Amidst so considerable an accumulation, and so great a variety of brief papers, I have often felt the difficulty of choice; and not unfrequently, the responsibility of determining what was, and what was not, original. Mr. Cooke did not uniformly distinguish the extracts he was in the habit of taking from books. Sometimes he inserted such among his own miscellaneous remarks; and although frequently he put a reference to the work from which he had made the extract, and usually appended his initials to his own papers; yet, sometimes, he neglected both these discriminative marks. This has occasioned me much anxiety and trouble in making the selection, and may possibly have led me into error. Should the reader detect any such mistakes, he must attribute them to my deficiency of information, and not to any intention on Mr. Cooke's part, or on my own, to appropriate, as original, any portion of other men's writings.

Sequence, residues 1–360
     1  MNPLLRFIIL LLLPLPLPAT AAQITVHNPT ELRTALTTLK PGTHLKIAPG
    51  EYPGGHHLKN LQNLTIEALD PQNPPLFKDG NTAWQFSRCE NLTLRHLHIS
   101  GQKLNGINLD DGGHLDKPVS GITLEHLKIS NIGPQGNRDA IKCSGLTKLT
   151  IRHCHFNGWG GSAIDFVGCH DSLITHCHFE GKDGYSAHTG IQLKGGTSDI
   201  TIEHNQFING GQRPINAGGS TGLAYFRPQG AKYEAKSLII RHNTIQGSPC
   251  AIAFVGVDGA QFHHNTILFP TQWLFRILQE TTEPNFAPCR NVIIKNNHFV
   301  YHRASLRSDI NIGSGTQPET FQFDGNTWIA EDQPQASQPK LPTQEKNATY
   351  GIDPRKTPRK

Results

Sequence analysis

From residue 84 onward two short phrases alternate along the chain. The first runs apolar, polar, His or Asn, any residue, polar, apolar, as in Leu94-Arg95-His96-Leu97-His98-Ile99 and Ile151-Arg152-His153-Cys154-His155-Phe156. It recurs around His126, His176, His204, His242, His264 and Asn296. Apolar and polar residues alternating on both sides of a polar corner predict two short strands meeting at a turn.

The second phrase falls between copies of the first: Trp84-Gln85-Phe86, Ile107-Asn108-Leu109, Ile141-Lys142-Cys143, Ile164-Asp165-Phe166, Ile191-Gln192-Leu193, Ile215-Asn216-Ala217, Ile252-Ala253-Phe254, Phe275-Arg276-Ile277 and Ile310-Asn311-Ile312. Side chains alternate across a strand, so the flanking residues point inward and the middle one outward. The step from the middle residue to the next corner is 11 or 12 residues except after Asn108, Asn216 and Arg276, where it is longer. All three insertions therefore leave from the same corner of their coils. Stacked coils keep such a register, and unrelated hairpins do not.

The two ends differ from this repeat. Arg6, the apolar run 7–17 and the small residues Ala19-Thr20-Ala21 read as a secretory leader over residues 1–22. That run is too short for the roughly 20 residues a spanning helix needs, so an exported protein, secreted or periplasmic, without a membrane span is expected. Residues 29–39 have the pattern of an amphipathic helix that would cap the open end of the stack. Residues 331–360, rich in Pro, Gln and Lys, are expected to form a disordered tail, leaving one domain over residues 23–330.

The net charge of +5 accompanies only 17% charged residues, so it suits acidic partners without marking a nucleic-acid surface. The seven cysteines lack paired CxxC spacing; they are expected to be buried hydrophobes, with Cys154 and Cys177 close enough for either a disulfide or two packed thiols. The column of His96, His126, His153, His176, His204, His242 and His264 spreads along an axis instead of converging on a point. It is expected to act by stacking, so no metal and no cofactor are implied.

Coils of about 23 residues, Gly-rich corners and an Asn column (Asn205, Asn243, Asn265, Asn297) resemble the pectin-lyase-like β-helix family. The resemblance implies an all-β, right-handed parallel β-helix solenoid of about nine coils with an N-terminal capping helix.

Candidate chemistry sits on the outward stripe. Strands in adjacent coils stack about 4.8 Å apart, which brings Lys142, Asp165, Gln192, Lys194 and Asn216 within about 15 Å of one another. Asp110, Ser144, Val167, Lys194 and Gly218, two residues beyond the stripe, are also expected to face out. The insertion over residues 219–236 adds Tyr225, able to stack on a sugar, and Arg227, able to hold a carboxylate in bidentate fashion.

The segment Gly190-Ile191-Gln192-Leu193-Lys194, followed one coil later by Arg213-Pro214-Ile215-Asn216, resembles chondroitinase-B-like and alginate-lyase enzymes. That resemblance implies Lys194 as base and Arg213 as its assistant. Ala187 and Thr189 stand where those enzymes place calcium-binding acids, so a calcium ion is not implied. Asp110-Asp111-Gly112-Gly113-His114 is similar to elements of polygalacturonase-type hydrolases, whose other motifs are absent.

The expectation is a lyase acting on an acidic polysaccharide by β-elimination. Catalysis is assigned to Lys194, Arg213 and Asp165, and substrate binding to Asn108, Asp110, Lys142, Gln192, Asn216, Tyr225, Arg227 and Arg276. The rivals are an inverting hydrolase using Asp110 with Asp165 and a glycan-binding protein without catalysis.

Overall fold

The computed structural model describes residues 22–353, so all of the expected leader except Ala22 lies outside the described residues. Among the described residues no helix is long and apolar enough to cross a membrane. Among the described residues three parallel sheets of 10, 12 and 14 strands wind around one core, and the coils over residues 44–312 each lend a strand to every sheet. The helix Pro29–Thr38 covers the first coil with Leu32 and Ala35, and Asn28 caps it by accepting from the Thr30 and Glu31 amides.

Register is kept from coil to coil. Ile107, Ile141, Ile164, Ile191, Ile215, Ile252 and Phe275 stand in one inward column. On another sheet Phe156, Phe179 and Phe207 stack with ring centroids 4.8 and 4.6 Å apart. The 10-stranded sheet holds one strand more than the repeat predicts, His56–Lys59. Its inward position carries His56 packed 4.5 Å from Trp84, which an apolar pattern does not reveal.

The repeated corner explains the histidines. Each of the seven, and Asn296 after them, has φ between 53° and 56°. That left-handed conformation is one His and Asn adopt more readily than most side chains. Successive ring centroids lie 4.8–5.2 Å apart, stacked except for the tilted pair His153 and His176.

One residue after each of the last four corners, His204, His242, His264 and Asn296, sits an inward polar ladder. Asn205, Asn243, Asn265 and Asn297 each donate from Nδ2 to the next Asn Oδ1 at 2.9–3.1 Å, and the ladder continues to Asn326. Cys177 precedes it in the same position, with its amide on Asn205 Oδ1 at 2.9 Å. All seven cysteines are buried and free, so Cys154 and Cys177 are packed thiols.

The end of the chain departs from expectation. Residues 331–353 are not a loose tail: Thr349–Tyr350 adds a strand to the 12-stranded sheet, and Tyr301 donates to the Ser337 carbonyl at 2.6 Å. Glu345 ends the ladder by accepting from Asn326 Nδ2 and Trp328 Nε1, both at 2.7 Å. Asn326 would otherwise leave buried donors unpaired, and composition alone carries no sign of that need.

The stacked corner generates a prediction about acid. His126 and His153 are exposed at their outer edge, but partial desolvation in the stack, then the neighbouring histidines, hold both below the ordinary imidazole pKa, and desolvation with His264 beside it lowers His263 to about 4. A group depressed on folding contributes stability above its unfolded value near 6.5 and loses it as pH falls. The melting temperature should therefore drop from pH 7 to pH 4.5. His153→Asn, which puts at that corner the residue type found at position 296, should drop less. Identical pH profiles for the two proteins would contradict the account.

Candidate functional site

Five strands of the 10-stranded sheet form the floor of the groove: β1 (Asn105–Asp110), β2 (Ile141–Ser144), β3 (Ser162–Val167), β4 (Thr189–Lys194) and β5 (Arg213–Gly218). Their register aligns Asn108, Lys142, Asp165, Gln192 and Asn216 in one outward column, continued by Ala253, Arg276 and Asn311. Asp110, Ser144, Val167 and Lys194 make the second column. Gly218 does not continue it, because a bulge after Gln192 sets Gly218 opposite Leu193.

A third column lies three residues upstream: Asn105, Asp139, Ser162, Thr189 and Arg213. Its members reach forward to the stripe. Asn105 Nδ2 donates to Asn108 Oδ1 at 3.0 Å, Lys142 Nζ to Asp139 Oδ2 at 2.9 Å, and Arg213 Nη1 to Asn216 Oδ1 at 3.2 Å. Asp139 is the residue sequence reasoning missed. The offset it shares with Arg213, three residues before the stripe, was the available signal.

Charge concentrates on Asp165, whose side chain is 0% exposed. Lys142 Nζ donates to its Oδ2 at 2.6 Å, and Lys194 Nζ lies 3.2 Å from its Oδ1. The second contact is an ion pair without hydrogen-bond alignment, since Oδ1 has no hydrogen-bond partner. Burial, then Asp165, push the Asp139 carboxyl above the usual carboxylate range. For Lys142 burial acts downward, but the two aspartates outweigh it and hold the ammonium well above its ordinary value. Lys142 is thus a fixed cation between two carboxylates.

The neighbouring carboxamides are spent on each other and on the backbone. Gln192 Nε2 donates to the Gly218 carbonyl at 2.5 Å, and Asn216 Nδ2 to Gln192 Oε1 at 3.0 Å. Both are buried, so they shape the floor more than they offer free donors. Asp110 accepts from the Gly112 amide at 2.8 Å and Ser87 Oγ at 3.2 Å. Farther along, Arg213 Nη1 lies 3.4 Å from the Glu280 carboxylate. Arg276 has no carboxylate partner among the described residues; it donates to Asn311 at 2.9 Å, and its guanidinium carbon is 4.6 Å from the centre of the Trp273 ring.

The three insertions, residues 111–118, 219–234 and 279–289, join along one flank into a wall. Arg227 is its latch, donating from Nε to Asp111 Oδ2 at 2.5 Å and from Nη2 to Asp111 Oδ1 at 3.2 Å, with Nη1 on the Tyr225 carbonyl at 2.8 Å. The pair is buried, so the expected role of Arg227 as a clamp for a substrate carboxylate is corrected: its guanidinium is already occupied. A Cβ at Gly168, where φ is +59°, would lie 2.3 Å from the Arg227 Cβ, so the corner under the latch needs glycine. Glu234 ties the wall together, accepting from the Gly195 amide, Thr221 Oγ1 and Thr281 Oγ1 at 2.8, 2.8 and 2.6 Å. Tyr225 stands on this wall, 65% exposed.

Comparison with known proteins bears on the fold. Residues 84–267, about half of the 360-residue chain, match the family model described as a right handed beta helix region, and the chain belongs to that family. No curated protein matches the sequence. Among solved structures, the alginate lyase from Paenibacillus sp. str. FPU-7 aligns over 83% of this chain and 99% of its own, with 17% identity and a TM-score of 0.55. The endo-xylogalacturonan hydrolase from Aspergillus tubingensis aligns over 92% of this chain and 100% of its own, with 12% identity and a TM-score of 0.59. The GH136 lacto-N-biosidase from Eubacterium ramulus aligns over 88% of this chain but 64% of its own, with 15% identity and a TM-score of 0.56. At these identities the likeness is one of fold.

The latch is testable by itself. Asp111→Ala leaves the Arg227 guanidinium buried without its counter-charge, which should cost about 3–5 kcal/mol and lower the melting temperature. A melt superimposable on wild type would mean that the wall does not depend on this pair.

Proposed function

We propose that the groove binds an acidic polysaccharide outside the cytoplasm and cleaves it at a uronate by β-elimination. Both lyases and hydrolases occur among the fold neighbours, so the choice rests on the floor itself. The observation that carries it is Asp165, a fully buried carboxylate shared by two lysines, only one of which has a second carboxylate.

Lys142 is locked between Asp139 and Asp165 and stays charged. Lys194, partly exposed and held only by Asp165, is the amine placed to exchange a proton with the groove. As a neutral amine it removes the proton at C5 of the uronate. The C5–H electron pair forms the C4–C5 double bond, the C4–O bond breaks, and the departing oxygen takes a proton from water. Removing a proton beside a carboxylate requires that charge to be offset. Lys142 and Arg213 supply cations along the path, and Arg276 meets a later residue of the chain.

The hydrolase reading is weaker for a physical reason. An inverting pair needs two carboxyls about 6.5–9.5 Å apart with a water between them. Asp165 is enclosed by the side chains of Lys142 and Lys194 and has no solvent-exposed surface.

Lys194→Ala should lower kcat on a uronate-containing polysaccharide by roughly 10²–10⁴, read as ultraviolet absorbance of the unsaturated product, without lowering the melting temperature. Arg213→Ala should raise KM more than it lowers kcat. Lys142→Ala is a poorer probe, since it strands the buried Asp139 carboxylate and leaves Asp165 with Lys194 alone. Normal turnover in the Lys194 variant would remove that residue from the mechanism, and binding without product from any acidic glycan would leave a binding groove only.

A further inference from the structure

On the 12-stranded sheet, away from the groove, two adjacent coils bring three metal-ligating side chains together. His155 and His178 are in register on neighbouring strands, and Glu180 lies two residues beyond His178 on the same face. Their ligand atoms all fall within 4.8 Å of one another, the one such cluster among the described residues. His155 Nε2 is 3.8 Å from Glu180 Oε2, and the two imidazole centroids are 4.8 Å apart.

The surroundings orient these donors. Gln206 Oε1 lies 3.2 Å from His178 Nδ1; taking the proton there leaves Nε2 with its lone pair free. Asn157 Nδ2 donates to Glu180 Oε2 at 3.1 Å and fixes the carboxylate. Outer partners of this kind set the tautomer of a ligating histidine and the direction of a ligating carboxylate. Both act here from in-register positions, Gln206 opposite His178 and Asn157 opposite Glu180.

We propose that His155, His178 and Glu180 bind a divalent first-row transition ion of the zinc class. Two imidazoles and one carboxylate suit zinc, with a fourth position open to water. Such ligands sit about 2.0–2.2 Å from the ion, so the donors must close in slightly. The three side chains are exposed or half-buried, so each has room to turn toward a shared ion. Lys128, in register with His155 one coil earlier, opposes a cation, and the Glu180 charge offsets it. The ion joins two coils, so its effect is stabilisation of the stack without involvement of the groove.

Concerning all the articles here presented to the reader, it is necessary to state, that they have undergone none but very trivial corrections. I was
concerned to make them a fair memento of the man. Many of the papers might, I am sensible, have been greatly improved; and had they enjoyed the correction of the writer's own hand, they would doubtless have appeared to greater advantage. But I deemed it desirable, rather to insert them in their unfinished and fragmentary state, than risk, by alteration, the characteristic impress which they bear in almost every line. Most of these papers appeared calculated for usefulness, and some eminently so. This principle has, therefore, uniformly guided my selection.